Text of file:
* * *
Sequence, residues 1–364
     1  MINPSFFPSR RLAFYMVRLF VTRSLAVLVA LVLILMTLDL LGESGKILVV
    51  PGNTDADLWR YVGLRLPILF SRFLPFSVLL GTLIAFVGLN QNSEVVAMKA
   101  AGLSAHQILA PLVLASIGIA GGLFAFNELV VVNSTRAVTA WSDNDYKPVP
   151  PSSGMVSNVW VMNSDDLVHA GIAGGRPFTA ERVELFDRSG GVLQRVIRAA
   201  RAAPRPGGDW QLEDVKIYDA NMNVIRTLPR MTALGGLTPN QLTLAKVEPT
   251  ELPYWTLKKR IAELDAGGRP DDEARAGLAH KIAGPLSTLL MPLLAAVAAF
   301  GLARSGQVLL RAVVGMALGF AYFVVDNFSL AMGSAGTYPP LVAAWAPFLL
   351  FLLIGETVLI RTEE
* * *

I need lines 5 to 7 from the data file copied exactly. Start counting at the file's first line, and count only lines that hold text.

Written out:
   151  PSSGMVSNVW VMNSDDLVHA GIAGGRPFTA ERVELFDRSG GVLQRVIRAA
   201  RAAPRPGGDW QLEDVKIYDA NMNVIRTLPR MTALGGLTPN QLTLAKVEPT
   251  ELPYWTLKKR IAELDAGGRP DDEARAGLAH KIAGPLSTLL MPLLAAVAAF